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November 2003     Vol. 4, no. 11

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Finances in the golden years

Cara Williams

Over much of the 20th century, a substantial amount of attention focused on the economic conditions of Canada's seniors (those aged 65 and over). In the past, many seniors had to work their whole life, and retirement was virtually unheard of. Those who were unable to save any money or to work because of illness and who had no family or friends to rely on spent their remaining years in poverty.

Economic conditions for today's seniors are very different. Since the early 1980s, incomes have risen faster for those 65 and over than for those under 65 (Lindsay and Almey 1999). In fact, between 1981 and 1997, income rose about 18% for seniors while declining for those aged 15 to 64. Nevertheless, seniors still have lower average incomes—not surprising given that most are no longer in the labour force and have no employment income.

However, the financial well-being of seniors is not determined by income alone; wealth also plays a part. While non-seniors are trying to build up their stock of wealth (buying homes, building up RRSPs or other investments), many seniors have already accumulated substantial wealth to draw on in times of need. This subject is certain to remain under close scrutiny as the proportion of seniors increases. Policy and program development centering on this group will no doubt figure prominently in forthcoming years, so it will be crucial to have a complete financial picture that highlights their needs.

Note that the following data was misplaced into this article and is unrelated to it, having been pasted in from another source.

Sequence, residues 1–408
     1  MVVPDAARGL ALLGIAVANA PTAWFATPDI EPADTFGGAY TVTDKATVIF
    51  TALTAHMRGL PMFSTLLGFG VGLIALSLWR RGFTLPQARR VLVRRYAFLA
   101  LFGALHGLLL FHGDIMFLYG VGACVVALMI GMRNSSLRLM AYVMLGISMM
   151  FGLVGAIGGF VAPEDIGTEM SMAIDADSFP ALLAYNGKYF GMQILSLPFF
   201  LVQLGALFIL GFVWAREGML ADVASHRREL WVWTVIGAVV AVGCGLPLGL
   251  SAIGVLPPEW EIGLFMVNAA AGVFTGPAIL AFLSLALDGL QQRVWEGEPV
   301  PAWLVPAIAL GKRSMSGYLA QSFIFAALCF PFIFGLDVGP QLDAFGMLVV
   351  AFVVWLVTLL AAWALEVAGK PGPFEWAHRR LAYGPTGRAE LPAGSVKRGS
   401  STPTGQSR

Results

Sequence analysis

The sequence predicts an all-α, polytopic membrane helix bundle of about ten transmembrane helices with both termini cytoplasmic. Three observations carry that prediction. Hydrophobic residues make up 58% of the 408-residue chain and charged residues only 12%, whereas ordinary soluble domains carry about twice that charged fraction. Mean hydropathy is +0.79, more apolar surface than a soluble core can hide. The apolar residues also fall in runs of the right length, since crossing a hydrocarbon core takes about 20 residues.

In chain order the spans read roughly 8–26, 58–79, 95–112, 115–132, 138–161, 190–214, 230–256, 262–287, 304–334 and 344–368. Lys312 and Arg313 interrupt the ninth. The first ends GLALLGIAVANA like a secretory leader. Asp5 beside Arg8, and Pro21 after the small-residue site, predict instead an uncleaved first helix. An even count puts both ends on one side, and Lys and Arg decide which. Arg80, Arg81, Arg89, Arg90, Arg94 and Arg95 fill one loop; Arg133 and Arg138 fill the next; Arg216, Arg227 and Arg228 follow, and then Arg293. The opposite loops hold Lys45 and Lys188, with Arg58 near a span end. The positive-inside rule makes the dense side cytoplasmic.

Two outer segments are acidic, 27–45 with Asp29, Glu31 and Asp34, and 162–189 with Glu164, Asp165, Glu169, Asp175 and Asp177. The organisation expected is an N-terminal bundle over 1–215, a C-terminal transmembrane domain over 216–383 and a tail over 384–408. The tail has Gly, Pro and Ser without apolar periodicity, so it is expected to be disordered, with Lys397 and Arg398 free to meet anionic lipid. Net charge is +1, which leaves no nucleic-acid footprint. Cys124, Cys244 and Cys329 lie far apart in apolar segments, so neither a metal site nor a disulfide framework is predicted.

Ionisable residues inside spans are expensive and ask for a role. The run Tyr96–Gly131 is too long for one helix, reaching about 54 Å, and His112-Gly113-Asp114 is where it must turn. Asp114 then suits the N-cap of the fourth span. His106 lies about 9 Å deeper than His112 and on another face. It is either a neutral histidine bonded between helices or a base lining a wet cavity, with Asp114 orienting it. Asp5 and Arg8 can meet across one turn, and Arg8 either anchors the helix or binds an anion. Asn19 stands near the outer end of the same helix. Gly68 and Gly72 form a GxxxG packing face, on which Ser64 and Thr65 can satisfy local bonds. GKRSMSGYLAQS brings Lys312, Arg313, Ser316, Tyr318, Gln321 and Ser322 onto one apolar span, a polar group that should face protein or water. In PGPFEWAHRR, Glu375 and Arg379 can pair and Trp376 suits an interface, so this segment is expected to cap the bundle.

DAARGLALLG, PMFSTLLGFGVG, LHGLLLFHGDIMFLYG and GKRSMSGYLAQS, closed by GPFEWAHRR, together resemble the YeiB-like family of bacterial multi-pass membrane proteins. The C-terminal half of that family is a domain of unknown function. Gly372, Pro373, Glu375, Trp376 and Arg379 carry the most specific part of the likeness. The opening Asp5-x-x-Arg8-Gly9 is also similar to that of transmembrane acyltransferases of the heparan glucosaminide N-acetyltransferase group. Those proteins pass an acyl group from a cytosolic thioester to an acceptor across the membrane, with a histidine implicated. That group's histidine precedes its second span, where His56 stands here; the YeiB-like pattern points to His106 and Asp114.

Using the 1999 Survey of Financial Security (SFS) (see Data source and definitions), this article examines sources of income and wealth among Canada's seniors. It also looks at their debts and preparedness for unexpected expenses. Additionally, two groups of seniors that potentially face financial insecurity are examined: unattached women and those whose expenses exceed their income.

Government transfers the major source of income for most seniors

Particularly during RRSP season, Canadians hear that they must save for retirement and not rely on government to meet their income requirements in old age. note 1  However, for the majority of today's seniors, government transfers are the principal source of income (Chart A).

In 1999, seniors had four main sources of income: government transfers, private pensions, investment income, and employment income. For two-thirds of senior families (67%), government transfers made up the largest portion of income. Private pensions were the principal source for another 20%, and employment income for another 6%. While almost half (49%) had some type of non-pension financial investments, note 2  investment income was the main income source for only 6%. This is perhaps surprisingly low given the media attention paid to the importance of investing for future retirement income.

How much income is enough?

Ensuring that seniors have enough income during retirement was an ongoing policy issue for most of the 20th century. But determining what constitutes an adequate income is difficult. For example, if seniors are no longer in the workforce, saving for retirement, paying for children, or making mortgage payments, is it reasonable to compare their income with that of non-seniors who may be trying to do all these things? At the same time, do seniors incur significant expenses that younger Canadians do not have? For example, private health care expenses probably increase with age. But on balance, some experts believe that seniors can have significantly lower incomes than non-seniors yet still maintain a similar standard of living (Hamilton 2001).

Various pension and income support programs have been developed and modified over the years in an attempt to ensure that seniors have adequate income (see The evolution of public pension plans in Canada). In 1998, about 2.5 million note 3  Canadians received retirement pensions from the Canada Pension Plan (CPP). note 4  The average monthly payment for these individuals was $407 (HRDC 2003). Additionally, about 3.7 million received Old Age Security (OAS), of whom 1.4 million also received the Guaranteed Income Supplement (GIS). Based on 1998 rates, a senior living alone and relying solely on OAS and GIS would have an annual income of just under $11,000. For senior couples with no other income source, annual income would be about $17,400 (Statistics Canada 2001). note 5